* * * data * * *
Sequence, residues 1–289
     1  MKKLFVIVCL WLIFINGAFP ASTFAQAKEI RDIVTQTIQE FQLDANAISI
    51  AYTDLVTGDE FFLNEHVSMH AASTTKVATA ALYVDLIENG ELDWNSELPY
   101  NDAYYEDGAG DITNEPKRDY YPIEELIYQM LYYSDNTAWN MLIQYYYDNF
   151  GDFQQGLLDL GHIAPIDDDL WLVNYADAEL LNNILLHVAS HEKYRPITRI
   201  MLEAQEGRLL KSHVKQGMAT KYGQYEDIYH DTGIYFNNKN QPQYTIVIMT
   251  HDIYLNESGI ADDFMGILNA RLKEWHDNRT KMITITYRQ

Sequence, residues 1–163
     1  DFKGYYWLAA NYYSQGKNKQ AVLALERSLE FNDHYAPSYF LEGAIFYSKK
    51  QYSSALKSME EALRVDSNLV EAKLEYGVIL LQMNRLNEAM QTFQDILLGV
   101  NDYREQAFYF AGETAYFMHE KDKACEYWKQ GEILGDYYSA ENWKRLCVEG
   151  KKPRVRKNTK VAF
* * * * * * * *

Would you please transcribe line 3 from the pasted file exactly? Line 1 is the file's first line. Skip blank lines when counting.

    51  AYTDLVTGDE FFLNEHVSMH AASTTKVATA ALYVDLIENG ELDWNSELPY